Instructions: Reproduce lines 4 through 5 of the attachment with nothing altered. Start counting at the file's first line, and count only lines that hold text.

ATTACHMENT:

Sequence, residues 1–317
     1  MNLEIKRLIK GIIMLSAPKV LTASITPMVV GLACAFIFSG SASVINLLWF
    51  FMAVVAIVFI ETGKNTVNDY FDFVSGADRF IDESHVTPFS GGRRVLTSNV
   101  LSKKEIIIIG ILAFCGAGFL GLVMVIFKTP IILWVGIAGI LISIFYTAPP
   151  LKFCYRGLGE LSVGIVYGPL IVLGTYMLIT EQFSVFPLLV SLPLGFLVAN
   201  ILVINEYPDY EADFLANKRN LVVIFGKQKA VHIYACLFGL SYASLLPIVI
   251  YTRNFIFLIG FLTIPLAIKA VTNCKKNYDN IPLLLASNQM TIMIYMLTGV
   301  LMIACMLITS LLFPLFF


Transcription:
   101  LSKKEIIIIG ILAFCGAGFL GLVMVIFKTP IILWVGIAGI LISIFYTAPP
   151  LKFCYRGLGE LSVGIVYGPL IVLGTYMLIT EQFSVFPLLV SLPLGFLVAN